CFPB gets top marks on DATA Act compliance

The Consumer Financial Protection Bureau. (Ted Eytan / Flickr)

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The Consumer Financial Protection Bureau is knocking its Digital Accountability and Transparency Act reporting duties out of the park.

According to an inspector general’s report released earlier this week, the data the agency has submitted to Treasury’s USAspending.gov for the second quarter of financial year 2017 is “complete, timely, accurate, and of good quality.”

“We believe that the CFPB’s submission of its spending data for posting on USAspending.gov can be relied on and is useful to the American public,” the report states.

The DATA Act, passed in 2014, requires that federal agencies submit “accessible, consistent, reliable, and searchable data” to the USAspending.gov site for use by policymakers and the public alike. The DATA Act also requires that inspectors general submit regular reports to Congress on agency compliance with the mandate.

CFPB submits data for two funds. The first is the Civil Penalty Fund, into which the agency puts “civil penalties it collects in judicial and administrative actions for violations of federal consumer financial law” and subsequently uses these funds to pay victims of the violations made. The second fund the agency submits partial data for is the Bureau Fund.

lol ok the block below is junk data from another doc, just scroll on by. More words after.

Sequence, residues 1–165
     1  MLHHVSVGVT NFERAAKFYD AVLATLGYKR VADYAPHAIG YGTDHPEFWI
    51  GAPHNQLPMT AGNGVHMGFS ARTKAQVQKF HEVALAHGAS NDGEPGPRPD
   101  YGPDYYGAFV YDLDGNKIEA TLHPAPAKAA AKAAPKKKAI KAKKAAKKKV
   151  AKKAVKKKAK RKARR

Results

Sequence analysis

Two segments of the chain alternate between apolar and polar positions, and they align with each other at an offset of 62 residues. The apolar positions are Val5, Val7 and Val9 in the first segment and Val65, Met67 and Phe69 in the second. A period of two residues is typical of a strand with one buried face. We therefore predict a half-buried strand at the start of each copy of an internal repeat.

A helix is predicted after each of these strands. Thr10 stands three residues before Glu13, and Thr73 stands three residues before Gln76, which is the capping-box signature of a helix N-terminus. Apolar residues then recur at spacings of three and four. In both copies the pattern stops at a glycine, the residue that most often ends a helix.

CFPB leadership was happy with the results of the report. “We are pleased that your audit found that the Bureau’s spending data were complete, timely, accurate, and of good quality, and that all applicable DATA Act standards were used,” acting Chief Financial Officer Dana James wrote in a letter. “The Bureau has worked hard to implement and ensure compliance with the DATA Act and we remain committed to transparency about our spending.”

Ahead of the May 9, 2017 deadline for agencies to report spending in a standardized way, a bunch of inspectors general told the Government Accountability Office that their agencies were were facing challenges to implementing the legislation. Given this, it is is heartening to see CFPB’s inspector general deliver such a glowing audit.

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Consumer Financial Protection Bureau, DATA Act
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